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Davis Hall (1828-1906)

Davis Hall BasketsDavis Hall was born in Hanson, Massachusetts, to Davis Hall Sr. and Elizabeth Ann “Betsy” Gould. He never knew his father, a mariner who died around the time Davis Jr. was born. His mother Betsy returned to Barnstable County, eventually marrying another mariner, Joseph D. Patterson in 1840. Davis had one older sister, Eliza Ann “Betsy” Hall (who married Francis Sylvia, a Portuguese mariner from the Azores) and four half-sisters from his mother’s second marriage. Sometime in the 1840s the family moved to Nantucket.

Oral family history tells us that Davis sailed on the first clipper ship to go around the horn of South America to take easterners to the Gold Rush. We know that Davis did indeed sail aboard the Henry Astor from Nantucket to San Francisco in September 1849 and again aboard the schooner Mary and Emma in December 1849.

Before marrying Lydia Gifford, Davis worked on the lifeboats, seemingly with his stepfather Joseph Patterson. Davis’ name is mentioned in the reward lists for several maritime rescues between 1852 and 1860. During his service, Davis improved the design of the lifeboats, making them bi-directional so they would not have to be turned around between launches. This design was known as the “Davis Lifeboat.”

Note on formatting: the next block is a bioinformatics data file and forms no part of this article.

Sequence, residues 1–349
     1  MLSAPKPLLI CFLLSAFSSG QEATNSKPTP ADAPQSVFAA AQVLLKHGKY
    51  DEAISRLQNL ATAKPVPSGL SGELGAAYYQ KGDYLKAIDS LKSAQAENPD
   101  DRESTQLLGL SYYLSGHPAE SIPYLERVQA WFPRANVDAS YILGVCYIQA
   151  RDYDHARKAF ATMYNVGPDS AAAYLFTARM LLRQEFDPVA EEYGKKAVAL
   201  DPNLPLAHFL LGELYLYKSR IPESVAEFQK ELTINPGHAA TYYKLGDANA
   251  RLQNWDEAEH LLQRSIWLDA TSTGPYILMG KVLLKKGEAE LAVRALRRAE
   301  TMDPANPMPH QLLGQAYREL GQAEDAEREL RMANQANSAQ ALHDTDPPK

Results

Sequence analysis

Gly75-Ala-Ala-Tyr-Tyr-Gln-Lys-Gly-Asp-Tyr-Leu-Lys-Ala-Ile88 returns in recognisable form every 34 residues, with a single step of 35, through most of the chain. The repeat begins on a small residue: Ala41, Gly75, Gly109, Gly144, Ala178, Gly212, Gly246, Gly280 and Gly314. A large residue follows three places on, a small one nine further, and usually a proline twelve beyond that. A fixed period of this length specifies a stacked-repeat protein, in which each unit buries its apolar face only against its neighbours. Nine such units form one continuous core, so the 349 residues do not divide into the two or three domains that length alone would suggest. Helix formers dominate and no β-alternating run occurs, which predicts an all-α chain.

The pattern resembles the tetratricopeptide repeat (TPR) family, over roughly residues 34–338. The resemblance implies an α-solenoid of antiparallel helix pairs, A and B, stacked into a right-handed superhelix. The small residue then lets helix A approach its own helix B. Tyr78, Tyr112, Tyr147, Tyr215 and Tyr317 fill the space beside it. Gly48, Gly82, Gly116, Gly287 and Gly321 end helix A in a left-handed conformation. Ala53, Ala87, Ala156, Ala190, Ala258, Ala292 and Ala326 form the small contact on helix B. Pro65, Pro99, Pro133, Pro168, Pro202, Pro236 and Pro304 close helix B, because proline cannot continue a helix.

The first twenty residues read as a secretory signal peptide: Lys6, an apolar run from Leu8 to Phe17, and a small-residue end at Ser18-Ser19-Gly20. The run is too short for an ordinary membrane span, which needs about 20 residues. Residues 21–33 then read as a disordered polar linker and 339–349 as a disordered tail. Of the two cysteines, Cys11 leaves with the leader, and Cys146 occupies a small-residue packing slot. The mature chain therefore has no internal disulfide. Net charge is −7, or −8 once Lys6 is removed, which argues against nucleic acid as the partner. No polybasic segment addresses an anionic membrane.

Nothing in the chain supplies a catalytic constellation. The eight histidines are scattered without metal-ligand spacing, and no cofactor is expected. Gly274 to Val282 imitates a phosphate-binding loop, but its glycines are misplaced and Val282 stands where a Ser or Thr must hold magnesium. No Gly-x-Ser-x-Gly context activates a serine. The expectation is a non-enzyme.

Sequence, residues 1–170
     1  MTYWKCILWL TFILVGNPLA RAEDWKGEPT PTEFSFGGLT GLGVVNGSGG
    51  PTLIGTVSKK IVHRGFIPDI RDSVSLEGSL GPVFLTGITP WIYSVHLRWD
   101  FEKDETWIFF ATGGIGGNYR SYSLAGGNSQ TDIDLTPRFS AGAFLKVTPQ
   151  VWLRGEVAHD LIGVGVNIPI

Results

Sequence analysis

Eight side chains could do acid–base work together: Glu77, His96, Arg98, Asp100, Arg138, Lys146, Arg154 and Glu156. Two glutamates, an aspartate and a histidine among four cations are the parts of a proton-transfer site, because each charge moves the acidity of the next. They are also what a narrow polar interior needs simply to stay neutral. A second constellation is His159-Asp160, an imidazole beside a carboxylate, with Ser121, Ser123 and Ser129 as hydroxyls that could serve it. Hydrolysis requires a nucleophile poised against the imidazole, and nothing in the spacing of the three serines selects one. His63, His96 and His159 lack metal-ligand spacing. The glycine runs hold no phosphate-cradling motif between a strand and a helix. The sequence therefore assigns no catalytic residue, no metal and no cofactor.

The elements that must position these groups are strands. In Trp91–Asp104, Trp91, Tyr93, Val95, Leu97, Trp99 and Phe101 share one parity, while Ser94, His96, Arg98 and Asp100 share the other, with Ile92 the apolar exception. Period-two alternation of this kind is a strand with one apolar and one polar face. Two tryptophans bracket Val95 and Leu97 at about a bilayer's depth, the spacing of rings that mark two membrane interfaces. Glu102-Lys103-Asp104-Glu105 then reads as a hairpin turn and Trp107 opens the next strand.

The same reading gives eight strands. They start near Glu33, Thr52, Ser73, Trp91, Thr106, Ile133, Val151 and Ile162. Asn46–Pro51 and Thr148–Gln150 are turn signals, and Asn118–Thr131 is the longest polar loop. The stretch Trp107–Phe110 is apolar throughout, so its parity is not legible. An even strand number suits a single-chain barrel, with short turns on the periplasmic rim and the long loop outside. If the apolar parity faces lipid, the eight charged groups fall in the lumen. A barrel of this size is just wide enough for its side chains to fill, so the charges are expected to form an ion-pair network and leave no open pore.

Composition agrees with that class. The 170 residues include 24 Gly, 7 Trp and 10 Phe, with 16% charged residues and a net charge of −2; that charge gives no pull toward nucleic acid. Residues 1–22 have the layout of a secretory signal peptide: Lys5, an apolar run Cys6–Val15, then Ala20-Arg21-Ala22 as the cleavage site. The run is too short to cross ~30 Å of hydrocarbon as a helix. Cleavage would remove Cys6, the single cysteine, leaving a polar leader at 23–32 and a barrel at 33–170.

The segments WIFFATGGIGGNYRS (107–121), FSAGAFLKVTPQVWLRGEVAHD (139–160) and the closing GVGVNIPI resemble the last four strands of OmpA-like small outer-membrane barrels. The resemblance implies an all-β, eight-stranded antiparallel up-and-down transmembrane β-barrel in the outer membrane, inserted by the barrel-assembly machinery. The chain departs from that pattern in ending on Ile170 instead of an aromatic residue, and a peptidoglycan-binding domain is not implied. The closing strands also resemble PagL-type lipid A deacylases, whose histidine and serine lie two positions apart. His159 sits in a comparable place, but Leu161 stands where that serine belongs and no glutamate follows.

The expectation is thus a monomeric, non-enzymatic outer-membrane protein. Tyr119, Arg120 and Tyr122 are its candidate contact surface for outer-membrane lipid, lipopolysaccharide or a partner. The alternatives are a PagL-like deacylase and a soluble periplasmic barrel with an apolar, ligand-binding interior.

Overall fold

Davis joined the Union Army during the Civil War in 1862. He fought in North Carolina at the battle of Kinston. He was wounded by a gunshot near the spine. After 2½ months he retired with injuries and chronic illnesses that were common for the men who fought in the southern swamps. He used the money he received from his Civil War service and disability to purchase the house on 28 North Water St. for his growing family. Davis and Lydia had seven children, Ida Frances Hall Lewis Russell (1854-1904), Ann Maria Hall Beebe (1859-1886), Elmer Harvey Hall (1864-1908?), Charles Macy Hall (1867-1940), an unnamed twin for Charles who died shortly after birth, Mabel Hall Kelley Bowie (1873-1939), and Mina Hall (1878) who died as a baby.

After the Civil War, Davis took a job on the South Shoal Lightship where he cultivated his basket making skills for which he is so well known today. Today, Davis Hall baskets are prized by collectors of lightship baskets. He is known for developing the oval form of lightship baskets. In the surviving census records, he listed his occupation as seaman (1870), “on Lightship” (1880) and finally as basket maker (1900).

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